Trabectedin (Ecteinascidin-743 or ET-743) is a novel antitumour agent of marine origin with potent antitumour activity both in vitro and in vivo. It interacts with the minor groove of DNA, interfering with transcriptional activity and DNA repair pathways. Here, we report a novel mechanism by which trabectedin exerts its cytotoxic effects on carcinoma cells. It is based on its ability to impair the function of the High-Mobility Group A (HMGA) proteins. These proteins have a key role in cell transformation, and their overexpression is a common feature of human malignant neoplasias, representing a poor prognostic index often correlated to anti-cancer drug resistance. They bind the minor groove of DNA, alter chromatin structure and, thus, regulate the transcription of several genes by enhancing or suppressing the activity of transcription factors. We first report that trabectedin has a higher cytotoxic effect on thyroid and colon carcinoma cells expressing abundant levels of HMGAs in comparison with cells not expressing them. Then, we have shown that trabectedin treatment displaces HMGA proteins from the HMGA-responsive promoters, including ATM promoter, impairing their transcriptional activity. Finally, we report a synergism between Ionising Radiations and trabectedin treatment restricted to the HMGA-overexpressing cancer cells. This result might have important clinical implications since it would suggest the use of trabectedin for the treatment of neoplasias expressing abundant HMGA levels that are frequently associated to chemoresistance and poor prognosis. (C) 2012 Elsevier Ltd. All rights reserved.

The impairment of the High Mobility Group A (HMGA) protein function contributes to the anticancer activity of trabectedin

D'Incalci M;
2013

Abstract

Trabectedin (Ecteinascidin-743 or ET-743) is a novel antitumour agent of marine origin with potent antitumour activity both in vitro and in vivo. It interacts with the minor groove of DNA, interfering with transcriptional activity and DNA repair pathways. Here, we report a novel mechanism by which trabectedin exerts its cytotoxic effects on carcinoma cells. It is based on its ability to impair the function of the High-Mobility Group A (HMGA) proteins. These proteins have a key role in cell transformation, and their overexpression is a common feature of human malignant neoplasias, representing a poor prognostic index often correlated to anti-cancer drug resistance. They bind the minor groove of DNA, alter chromatin structure and, thus, regulate the transcription of several genes by enhancing or suppressing the activity of transcription factors. We first report that trabectedin has a higher cytotoxic effect on thyroid and colon carcinoma cells expressing abundant levels of HMGAs in comparison with cells not expressing them. Then, we have shown that trabectedin treatment displaces HMGA proteins from the HMGA-responsive promoters, including ATM promoter, impairing their transcriptional activity. Finally, we report a synergism between Ionising Radiations and trabectedin treatment restricted to the HMGA-overexpressing cancer cells. This result might have important clinical implications since it would suggest the use of trabectedin for the treatment of neoplasias expressing abundant HMGA levels that are frequently associated to chemoresistance and poor prognosis. (C) 2012 Elsevier Ltd. All rights reserved.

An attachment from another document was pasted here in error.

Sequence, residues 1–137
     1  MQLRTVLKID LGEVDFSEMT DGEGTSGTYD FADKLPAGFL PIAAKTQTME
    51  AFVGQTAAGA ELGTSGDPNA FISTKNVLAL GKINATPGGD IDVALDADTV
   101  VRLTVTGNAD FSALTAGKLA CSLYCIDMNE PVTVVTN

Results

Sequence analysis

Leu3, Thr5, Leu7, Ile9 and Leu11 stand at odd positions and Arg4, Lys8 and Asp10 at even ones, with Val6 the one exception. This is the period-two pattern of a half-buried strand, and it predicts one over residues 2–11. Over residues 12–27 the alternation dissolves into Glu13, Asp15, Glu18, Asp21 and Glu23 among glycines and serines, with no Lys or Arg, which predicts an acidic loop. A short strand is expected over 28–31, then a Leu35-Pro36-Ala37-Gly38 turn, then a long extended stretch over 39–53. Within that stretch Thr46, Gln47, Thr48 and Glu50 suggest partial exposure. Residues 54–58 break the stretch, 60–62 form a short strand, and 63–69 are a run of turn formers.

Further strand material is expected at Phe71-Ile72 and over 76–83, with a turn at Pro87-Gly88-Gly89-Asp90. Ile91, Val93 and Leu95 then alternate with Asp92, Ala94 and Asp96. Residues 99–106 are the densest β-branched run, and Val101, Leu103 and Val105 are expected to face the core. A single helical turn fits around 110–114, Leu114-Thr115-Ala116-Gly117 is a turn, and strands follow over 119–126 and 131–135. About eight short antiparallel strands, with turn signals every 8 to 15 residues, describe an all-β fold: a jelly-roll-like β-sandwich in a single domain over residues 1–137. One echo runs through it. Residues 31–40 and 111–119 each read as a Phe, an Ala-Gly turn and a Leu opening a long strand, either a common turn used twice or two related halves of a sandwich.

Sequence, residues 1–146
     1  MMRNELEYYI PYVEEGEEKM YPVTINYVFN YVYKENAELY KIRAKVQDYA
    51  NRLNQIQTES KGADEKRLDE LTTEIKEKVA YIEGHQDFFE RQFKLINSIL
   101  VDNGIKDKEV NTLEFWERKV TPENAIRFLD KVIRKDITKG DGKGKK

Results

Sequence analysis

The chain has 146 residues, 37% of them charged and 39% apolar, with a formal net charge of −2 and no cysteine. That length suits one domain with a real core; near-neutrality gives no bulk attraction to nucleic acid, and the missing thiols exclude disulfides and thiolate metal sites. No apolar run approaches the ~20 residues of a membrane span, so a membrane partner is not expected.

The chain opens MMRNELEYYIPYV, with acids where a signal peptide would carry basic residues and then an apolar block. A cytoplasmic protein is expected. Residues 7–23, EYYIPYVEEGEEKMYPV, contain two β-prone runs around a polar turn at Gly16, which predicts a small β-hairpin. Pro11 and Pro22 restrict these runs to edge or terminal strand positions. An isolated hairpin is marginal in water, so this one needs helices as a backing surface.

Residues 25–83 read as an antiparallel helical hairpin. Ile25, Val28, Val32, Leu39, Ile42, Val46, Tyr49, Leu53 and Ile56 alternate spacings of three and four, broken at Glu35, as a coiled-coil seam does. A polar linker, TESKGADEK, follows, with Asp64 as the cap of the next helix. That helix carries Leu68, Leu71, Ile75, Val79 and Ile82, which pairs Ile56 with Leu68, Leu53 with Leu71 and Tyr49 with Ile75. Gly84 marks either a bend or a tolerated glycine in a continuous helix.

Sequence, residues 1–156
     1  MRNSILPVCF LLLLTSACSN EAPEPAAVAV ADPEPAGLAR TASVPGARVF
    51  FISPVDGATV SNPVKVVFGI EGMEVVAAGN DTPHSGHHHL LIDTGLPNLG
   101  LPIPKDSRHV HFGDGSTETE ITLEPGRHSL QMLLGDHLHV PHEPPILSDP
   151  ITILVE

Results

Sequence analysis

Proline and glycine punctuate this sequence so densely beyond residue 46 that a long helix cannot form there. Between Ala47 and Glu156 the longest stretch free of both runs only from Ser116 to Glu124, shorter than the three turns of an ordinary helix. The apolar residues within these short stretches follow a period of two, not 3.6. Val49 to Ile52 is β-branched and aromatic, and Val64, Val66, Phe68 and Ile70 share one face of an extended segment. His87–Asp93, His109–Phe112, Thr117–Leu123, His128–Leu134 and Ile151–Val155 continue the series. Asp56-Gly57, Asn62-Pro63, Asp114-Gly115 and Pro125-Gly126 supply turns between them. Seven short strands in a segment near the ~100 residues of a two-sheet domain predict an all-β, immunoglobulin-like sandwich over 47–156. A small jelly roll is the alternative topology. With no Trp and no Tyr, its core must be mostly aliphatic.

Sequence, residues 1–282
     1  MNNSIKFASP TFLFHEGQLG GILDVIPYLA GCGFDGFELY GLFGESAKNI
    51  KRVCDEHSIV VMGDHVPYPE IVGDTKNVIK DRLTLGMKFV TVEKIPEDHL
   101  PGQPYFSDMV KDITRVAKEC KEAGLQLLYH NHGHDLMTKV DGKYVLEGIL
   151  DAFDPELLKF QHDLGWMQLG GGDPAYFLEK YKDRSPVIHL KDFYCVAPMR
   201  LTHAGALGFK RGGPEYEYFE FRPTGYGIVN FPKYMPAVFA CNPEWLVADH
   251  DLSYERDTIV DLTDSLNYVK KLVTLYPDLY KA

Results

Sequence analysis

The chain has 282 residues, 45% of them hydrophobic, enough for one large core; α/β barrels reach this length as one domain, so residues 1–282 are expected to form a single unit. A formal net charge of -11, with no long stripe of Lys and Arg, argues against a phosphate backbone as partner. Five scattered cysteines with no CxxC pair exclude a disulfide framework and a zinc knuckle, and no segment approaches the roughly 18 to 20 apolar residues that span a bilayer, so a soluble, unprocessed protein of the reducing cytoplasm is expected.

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Utilizza questo identificativo per citare o creare un link a questo documento: http://hdl.handle.net/11699/67495
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